- Permanent Resident Card/Green Card
- Foreign passport with the original I-551 visa entry stamp
- Your parents’ marriage certificate (if your parents were married when you legally entered the U.S. and before your 18th birthday)
- Documentation of legal custody (if your parents were not married when you legally entered the U.S.)
- Evidence of your legitimation (if your parents were not married at the time of your birth). Examples include:
- Your parents’ marriage certificate dated after your birth
- Certified court order of legitimation
For those born outside the U.S. and adopted while under the age of 16, you will need to provide the following document:
- Evidence of your permanent residence status
- Evidence of your full and final adoption
- Evidence that you were in the legal and physical custody of your U.S. citizen parent(s)
- Evidence you have resided in the U.S.
For more information, refer to the Child Citizenship Act of 2000.
While this already may seem like a lot, make sure to bring any other official documentation that you feel might be relevant, whether you are a U.S. citizen born in the U.S. or abroad.
The U.S. Department of State website has a list of the accepted secondary evidence. Note: Social Security cards are not considered evidence.
Step 3: Submit Identification
The proof of identification is a bit easier and less daunting than the proof of citizenship. The proof of identity simply needs to have a good photo of you with your signature.
It has to be a permanent form of identification (not a temporary card) and has to be an official U.S. government-issued form of identification. Examples include:
- Permanent driver’s license
- Military identification
- Expired passport book/card
- Certificate of naturalization or citizenship
Step 4: Submit Photocopied Evidence
While you will need to have all official documentation with you when you submit your application, you will also need photocopies of each document you submit so there is a copy of your documentation submitted with your application.
Before you submit your application, photocopy all primary and secondary evidence that you are going to bring in. Then you can provide whatever they ask for. Make copies of each piece of evidence separately.
The photocopies must be of the front and back of each piece of evidence, must be on 8.5 x 11-inch white paper, printed in black and white, and must only be on 1 side of paper.
Finally, you must not reduce the size of any of the images copied, but you can enlarge them if you choose.
Step 5: Provide a Picture: Passport Photo Requirements
Perhaps the one thing that is most overlooked is the passport photo. While some facilities provide photo-taking services, it is easiest to do this ahead of time.
Per application requirements, you only need to provide 1 photo. The photo has to be a high-quality color photo of you, taken within the last 6 months, taken in front of a white or off-white background, and be 2 x 2 inches in size.
You will need to wear regular street clothes and not wear any headdress or glasses unless worn for religious reasons and documented as such.
Since more passport photo requirements exist, it is easiest to simply get the photo taken at a facility that provides a passport photo service. Typical places to get these taken include big pharmacies, department stores, government offices, and more. If you’d prefer to do it yourself, follow these guidelines for taking your passport photo at home.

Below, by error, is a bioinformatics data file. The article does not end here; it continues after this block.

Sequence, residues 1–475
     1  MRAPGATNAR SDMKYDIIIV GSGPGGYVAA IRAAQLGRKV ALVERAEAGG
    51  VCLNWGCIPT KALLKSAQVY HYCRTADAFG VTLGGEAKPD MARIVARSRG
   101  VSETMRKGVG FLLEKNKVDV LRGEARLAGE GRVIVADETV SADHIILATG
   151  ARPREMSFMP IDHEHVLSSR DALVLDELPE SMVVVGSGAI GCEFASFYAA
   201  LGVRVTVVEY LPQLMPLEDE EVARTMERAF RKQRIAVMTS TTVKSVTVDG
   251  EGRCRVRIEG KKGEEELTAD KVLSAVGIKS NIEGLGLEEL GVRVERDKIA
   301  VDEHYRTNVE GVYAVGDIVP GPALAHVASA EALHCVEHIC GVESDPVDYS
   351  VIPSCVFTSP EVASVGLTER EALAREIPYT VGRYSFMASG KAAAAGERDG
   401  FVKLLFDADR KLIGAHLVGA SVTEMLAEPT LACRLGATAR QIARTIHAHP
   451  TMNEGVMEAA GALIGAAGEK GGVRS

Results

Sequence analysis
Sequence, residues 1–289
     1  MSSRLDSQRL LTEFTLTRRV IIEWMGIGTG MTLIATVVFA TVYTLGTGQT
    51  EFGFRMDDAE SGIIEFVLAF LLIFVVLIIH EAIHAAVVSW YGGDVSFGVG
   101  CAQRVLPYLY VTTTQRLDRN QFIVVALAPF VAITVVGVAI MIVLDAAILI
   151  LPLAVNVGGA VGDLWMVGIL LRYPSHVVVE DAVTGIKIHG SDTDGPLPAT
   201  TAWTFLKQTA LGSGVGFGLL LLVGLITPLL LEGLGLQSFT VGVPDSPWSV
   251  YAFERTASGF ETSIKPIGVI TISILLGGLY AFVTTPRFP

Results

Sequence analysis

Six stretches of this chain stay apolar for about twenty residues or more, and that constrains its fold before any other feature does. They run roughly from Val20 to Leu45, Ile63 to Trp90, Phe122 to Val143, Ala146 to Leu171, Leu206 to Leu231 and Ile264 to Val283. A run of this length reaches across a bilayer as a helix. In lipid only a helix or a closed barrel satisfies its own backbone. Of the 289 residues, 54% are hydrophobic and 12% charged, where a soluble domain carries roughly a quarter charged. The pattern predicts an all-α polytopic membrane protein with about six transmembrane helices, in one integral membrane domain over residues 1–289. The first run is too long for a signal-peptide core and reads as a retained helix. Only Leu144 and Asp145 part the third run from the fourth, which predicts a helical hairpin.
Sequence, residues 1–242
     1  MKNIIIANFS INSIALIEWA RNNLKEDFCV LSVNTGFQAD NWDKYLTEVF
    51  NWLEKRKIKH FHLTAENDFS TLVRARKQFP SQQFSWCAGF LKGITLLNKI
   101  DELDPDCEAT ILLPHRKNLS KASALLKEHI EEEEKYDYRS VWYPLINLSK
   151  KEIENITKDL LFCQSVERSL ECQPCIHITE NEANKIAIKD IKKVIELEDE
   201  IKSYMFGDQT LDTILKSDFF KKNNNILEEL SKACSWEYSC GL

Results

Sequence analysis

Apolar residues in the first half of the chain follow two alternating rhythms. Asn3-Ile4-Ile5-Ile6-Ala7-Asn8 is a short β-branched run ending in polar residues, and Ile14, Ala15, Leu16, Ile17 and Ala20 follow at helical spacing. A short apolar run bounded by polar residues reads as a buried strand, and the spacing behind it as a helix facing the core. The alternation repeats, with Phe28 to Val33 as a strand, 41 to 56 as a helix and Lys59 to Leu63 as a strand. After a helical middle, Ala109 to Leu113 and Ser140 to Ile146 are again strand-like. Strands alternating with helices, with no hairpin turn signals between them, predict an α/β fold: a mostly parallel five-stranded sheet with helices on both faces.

The photos cost anywhere from around $6 to $15 and are in addition to your passport application fee. Bring the photos with you to the application facility, but they don’t have to be attached to the application.
Step 6: Pay the Passport Application Fee
The U.S. passport fees are stated on the U.S. Department of State website.
Please note that these fees are in addition to the cost of the photos and any additional fees in getting the proper evidence together.
|Passport Book + Card
Depending on where you submit your application, you can pay the passport fee with cash, check, or credit card. You can even use money orders.
Make checks or money orders payable to the “U.S. Department of State” and make sure you have the exact amount if you’re wanting to pay with cash.
If you want to get your passport expedited, you can do so for an additional $60 fee. An overnight delivery service can be obtained for $18.32, which will overnight your passport from the date it is approved.
Hot Tip: For more information on expedited passports, visit our Expedited U.S. Passport Application Guide.
Where To Apply for Your Passport
There are quite a number of places that can process passport applications. The U.S. Department of State website has the full list of qualified places. There is likely a passport office somewhere near you.
For your first U.S. passport application, you must apply in person, hence why the above information is so important.
If your application is not urgent, then it is easiest to apply at a general Passport Acceptance Facility. The wizard at that link has the ability to search for places near you, including places that also offer photo services.
The United States Postal Service (USPS) offices also allow you to submit applications. Click the link to search around for the office nearest you.
For those traveling within 2 weeks or who need a foreign visa within 4 weeks, then you’ll need to visit a passport agency. These are unfortunately few and far between and may be nowhere near where you’re located. You’ll also have to time the appointment right as your appointment must be within 3 to 10 days of expected travel.
26 U.S. Passport Agency Locations
If you can’t make it to a passport agency and still need it expedited, or just wish to have someone else help you expedite the process, you can also use a private passport expediter like Swift Passport and Visa Services.
There is a great article explaining how to use a private passport expediter. Please note that using such a service should be done with caution.
Expected Time of Delivery